Stars of the Summer Triangle
Deneb, is the brightest star in the constellation Cygnus, the Swan. Cygnus is nearly lined up with the dark lanes of the Milky Way to the northwest of the Milky Way Core. Deneb is the head of the Cygnus, with it’s body nearly aligned with the dark lanes. Deneb is nearly 196,000 times brighter than the sun and it is perhaps the most inherently luminous star visible from Earth.
Vega is to the east and a little south of Deneb, in the constellation Lyra, the Lyre. It’s the 5th brightest star in the night sky and second in the northern hemisphere.
Altair is in the constellation Aquila, the Eagle. It is just a little west of the dark lanes of the Milky Way. Altair is also one of the closest visible stars to Earth at just under 17 light years away.
The line between Deneb and Altair makes a great way to locate the Milky Way. The Summer Triangle can be seen even in the spring during the early morning hours. And in fall, it’s moved into the western sky during the evening hours. It can be seen in much of the southern hemisphere, where it lies low to the horizon during the Winter months.
Dark Sky Locations
This month, I thought I’d list a location that readers might be interested in visiting to find some of the best dark sky locations. I’d also like to recommend visiting the International Dark-Sky Association (IDA) website for more information: http://darksky.org/about/ The IDA maintains a list of some of the world’s best dark sky locations. They are also dedicated to educating people about light pollution and how to reduce it.
One of the first IDA-recognized locations I’ve been to is Chaco Culture National Historic Park in New Mexico, USA. http://darksky.org/idsp/parks/chacoculture/ Not only are the skies superb for Astro-Landscape photography, but there is a lot of local history that can be learned there. There are several large Anasazi ruins in the area, some of the best from the Ancient Pueblo People civilization that thrived from 900 CE to 1250 CE.
Archeoastronomy at Chaco Culture NHP
There is strong evidence of archeoastronomy at Chaco Culture NHP. Several roads and large buildings are aligned with compass directions in accordance to solar and lunar cycle. There’s also a “Sun Dagger” petroglyph consisting of a series of spirals pecked into a rock wall that along with some rock slabs, channel thin beams of light across the spiral to note the solstices.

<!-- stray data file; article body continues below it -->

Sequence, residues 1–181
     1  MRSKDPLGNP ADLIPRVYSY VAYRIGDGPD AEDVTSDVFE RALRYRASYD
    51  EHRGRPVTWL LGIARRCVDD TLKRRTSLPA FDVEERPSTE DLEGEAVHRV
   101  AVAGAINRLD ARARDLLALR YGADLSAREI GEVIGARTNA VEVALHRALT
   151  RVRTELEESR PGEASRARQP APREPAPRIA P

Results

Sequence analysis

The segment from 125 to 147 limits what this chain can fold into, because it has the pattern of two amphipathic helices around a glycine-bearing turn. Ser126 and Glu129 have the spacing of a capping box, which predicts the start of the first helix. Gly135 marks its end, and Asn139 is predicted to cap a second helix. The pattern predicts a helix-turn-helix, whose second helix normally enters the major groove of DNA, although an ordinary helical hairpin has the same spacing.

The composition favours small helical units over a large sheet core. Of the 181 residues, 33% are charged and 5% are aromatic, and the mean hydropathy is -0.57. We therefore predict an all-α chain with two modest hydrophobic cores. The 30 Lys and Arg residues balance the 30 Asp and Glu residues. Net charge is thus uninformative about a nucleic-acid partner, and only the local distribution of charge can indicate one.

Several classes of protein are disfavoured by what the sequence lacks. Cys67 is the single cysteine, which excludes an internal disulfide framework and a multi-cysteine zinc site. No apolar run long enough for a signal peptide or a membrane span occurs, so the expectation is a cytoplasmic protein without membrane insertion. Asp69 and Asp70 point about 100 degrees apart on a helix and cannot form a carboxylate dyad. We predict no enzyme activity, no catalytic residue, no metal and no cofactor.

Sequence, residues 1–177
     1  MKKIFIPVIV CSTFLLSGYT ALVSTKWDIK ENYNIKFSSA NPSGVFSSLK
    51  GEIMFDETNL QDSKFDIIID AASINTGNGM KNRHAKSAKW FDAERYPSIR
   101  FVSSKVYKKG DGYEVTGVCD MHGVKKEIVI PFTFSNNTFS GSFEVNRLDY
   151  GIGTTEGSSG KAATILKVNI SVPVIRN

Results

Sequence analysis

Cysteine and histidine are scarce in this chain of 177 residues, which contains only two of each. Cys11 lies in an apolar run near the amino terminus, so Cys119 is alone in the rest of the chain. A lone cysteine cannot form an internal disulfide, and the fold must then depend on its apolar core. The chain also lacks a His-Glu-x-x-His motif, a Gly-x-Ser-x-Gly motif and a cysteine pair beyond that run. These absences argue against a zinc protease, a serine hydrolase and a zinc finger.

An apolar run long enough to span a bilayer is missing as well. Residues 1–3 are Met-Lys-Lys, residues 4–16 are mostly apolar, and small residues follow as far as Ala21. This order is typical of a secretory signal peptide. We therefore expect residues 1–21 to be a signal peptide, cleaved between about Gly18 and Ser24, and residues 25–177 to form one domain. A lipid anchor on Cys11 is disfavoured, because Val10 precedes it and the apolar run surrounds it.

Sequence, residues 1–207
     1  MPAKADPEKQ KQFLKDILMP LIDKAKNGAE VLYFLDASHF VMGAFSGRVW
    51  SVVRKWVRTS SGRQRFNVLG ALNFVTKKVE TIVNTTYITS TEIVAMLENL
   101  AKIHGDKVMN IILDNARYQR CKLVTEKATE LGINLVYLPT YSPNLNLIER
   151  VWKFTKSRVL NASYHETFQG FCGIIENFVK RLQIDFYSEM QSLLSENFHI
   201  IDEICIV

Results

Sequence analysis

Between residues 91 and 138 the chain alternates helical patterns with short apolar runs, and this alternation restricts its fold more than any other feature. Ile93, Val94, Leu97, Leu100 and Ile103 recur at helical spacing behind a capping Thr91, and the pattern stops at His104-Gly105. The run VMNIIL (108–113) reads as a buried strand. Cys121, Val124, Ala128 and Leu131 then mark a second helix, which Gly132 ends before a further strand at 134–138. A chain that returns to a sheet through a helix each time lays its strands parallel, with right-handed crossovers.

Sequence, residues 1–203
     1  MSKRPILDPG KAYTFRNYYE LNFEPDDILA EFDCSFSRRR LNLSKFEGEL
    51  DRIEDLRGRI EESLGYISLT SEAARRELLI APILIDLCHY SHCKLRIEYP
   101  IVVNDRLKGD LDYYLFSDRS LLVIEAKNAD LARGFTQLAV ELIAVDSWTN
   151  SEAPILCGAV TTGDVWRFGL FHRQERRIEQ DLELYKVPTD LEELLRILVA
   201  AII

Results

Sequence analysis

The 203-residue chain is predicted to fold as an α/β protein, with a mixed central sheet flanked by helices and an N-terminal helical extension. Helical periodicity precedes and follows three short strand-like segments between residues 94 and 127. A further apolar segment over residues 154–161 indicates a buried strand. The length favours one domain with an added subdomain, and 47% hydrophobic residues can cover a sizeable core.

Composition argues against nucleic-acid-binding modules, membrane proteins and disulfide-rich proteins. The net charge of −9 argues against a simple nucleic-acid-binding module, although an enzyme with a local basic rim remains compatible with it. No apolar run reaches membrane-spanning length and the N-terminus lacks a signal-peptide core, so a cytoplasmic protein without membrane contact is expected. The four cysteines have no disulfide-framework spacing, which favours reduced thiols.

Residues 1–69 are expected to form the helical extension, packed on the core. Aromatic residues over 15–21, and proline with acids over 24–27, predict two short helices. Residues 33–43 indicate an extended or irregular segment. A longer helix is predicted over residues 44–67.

Additionally, in a nearby wash, there’s as a pictograph on a rock overhang that possibly records the observation of the supernova that formed the Crab Nebula. This supernova was visible in the daytime and first observed on 4 July 1054 CE and was visible for about two years. This pictograph shows what appears to be a star with a crescent moon adjacent to it, and a handprint as well, possibly the artist signing the work. On July 5, the moon would have been near the position of the supernova in the sky. An alternative explanation for the pictograph is the depiction of a lunar conjunction with Venus, the appearance of Halley’s Comet in 1066 CE, or even the Supernova of 1006. Regardless of what is truly depicted, it’s certain the Chaco Culture was interested in the night sky.
One drawback to doing Astro-Landscape photography at Chaco is that you can’t visit the ruins at night. The roads to the ruins are closed with locked gates, and my experience has been that the ranger sometimes does unlock them early enough to catch sunrise out at the ruins. But that said, there are buttes that can be photographed, as well as they often have telescopes set up for both evening and daytime viewing. And the ranger talks in the evening are excellent as well. Make sure you take a ranger-led tour of some of the ruins when you visit.
If you find any info that needs clarification or correction for this Astro-Landscape August 2018 Notes, please email me at firstname.lastname@example.org.
If you need to look up last month’s Astro-Landscape Photography Notes, you can find them here: Astro-Landscape July 2018.
Astro-Landscape August 2018